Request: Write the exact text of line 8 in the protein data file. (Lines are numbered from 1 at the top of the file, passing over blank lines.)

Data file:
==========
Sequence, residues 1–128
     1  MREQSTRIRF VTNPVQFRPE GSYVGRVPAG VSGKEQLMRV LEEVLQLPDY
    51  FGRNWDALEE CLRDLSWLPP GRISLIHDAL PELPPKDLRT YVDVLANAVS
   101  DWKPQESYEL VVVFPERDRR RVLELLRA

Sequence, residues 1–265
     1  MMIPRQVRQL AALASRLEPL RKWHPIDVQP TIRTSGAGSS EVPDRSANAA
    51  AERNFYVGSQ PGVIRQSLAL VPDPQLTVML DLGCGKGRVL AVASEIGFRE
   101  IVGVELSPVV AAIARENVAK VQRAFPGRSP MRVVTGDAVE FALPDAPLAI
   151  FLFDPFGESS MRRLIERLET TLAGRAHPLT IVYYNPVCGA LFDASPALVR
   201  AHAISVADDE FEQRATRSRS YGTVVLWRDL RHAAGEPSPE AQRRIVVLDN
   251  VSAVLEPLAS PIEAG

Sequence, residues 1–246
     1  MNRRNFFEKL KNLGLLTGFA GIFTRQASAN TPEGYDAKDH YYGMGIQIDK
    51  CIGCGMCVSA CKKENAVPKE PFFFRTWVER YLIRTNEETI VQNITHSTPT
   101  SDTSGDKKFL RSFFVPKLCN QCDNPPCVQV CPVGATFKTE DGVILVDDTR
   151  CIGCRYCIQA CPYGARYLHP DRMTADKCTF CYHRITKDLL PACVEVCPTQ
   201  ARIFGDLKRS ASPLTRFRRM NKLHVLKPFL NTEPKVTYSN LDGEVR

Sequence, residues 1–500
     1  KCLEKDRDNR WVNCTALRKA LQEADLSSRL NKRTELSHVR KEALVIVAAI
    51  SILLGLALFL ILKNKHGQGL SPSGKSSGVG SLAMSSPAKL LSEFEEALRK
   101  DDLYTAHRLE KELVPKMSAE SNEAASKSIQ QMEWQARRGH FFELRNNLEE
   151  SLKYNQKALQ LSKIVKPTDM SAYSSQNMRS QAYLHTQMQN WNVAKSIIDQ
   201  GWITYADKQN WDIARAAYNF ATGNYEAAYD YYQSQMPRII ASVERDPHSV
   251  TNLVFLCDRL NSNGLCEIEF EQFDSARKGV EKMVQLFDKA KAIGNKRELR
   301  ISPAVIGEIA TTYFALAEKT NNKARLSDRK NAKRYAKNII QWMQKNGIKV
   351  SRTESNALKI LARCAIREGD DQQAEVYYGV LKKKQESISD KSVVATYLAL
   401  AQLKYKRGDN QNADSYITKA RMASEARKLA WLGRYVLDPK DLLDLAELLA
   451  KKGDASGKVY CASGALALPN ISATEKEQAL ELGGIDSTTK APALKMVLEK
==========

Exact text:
   101  IVGVELSPVV AAIARENVAK VQRAFPGRSP MRVVTGDAVE FALPDAPLAI